UBC Theses and Dissertations
Cyclic amp-dependent protein kinase : a potential target for actions of vanadium Jelveh, Kioumars Ahmadreza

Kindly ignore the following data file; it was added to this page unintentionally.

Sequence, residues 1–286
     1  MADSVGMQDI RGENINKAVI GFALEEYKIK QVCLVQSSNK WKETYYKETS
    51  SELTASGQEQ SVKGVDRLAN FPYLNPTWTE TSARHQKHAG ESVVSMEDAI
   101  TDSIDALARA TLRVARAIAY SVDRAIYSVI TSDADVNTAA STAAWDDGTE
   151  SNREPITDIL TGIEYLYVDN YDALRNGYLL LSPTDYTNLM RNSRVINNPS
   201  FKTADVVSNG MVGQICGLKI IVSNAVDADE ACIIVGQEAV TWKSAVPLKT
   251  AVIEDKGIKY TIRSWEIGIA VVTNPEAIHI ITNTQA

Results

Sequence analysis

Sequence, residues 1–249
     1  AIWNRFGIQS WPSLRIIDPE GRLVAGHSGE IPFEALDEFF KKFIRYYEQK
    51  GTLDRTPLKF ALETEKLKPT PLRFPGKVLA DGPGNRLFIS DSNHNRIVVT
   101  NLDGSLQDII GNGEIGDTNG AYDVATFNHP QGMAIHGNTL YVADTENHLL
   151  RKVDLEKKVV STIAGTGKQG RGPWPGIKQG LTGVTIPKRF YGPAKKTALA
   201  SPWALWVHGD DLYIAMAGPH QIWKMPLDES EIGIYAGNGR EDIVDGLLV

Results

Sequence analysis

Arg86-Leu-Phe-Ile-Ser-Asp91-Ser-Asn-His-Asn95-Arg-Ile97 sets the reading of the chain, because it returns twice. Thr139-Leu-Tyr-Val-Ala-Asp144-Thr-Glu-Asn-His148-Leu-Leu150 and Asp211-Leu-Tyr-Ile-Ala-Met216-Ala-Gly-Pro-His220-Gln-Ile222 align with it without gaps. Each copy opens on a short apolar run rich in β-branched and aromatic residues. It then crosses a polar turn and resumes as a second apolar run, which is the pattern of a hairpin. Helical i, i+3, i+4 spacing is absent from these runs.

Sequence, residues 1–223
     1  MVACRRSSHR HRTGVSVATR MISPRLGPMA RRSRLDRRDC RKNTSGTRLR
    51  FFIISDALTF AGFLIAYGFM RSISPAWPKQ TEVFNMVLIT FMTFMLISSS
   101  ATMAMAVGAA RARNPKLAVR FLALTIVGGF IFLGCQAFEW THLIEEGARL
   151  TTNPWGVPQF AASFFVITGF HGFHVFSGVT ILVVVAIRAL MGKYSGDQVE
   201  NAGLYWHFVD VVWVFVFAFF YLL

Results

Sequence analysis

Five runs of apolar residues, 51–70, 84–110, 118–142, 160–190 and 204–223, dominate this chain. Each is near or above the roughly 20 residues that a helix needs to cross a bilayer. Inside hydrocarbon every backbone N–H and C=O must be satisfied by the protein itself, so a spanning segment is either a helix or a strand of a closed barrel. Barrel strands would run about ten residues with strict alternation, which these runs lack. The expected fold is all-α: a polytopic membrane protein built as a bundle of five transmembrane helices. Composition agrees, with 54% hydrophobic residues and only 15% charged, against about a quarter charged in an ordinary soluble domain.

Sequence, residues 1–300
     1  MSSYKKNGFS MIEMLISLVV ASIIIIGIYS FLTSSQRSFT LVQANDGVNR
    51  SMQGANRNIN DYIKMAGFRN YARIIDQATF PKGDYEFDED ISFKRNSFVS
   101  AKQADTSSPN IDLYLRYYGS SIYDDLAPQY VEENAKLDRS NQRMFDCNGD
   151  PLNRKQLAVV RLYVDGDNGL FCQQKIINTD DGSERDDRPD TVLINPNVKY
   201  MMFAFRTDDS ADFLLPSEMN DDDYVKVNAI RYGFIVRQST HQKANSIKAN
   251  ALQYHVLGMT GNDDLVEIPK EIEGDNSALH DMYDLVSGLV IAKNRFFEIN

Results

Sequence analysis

Vanadium salts and organic complexes diminish or reverse many of the consequences of insulin deficiency and insulin resistance in vivo. It is widely assumed that the inhibition of protein tyrosine phosphatases can explain biological effects of vanadium; however, there is considerable evidence in vitro that vanadium can act significantly downstream from the protein tyrosine phosphorylation "level" of signal transduction. The aim of these studies was to focus on the ability of vanadium to inhibit hormone-sensitive triglyceride (TG) hydrolysis because this action is observed at rather low vanadium concentrations (typically 10-100 μM) and the mechanisms involved in the control of TG hydrolysis are well defined. Based on the balance of prior studies, this thesis focused on the possibility that cAMP-dependent protein kinase (PKA) might be a viable target for inhibition by vanadium. These studies confirmed that PKA could be potently inhibited by vanadium. Due to the complexity of interactions between vanadate, vanadyl and reagents used in assay mixtures, it was essential to define the experimental conditions carefully to allow unambiguous characterization of the effects of vanadium. Following initial optimization of enzyme activity, PKA was found to be inhibited by high concentrations of vanadyl sulphate (VS) (IC₅₀ > 400 μM). However, PKA inhibition was seen at dramatically lower VS concentration (IC₅₀< 25 μM) when sequestration of vanadyl ions was minimized. Under these conditions, the true concentration of vanadyl was lower than the threshold for detection by EPR spectroscopy (~ 15 μM). The derived kinetic constants (Κ[sub i] values < 20 μM) must still be considered "apparent" values and the true affinity constant of vanadyl for PKA is probably even lower. The effective PKA inhibitor species is likely to be vanadyl because a range of divalent cation chelators abolished PKA inhibition by VS. Vanadyl was both a weak cofactor and a strong inhibitor of PKA, perhaps replicating the dual roles hypothesized for magnesium. From the results of EPR and kinetic studies, it was concluded that the vanadyl EPR signal is enhanced in the presence of glutathione at physiological pH. Significantly, the combination of reduced and oxidized glutathione (GSH and GSSG) was more effective than either form in maintaining the vanadyl EPR signal at pH 7-9. The most effective combination of GSH and GSSG observed in these studies is similar to that expected within mammalian cells. In conclusion, these studies provide evidence that PKA could be an important target for vanadyl action in vivo, the vanadyl being produced and stabilized through the actions of GSH and GSSG.
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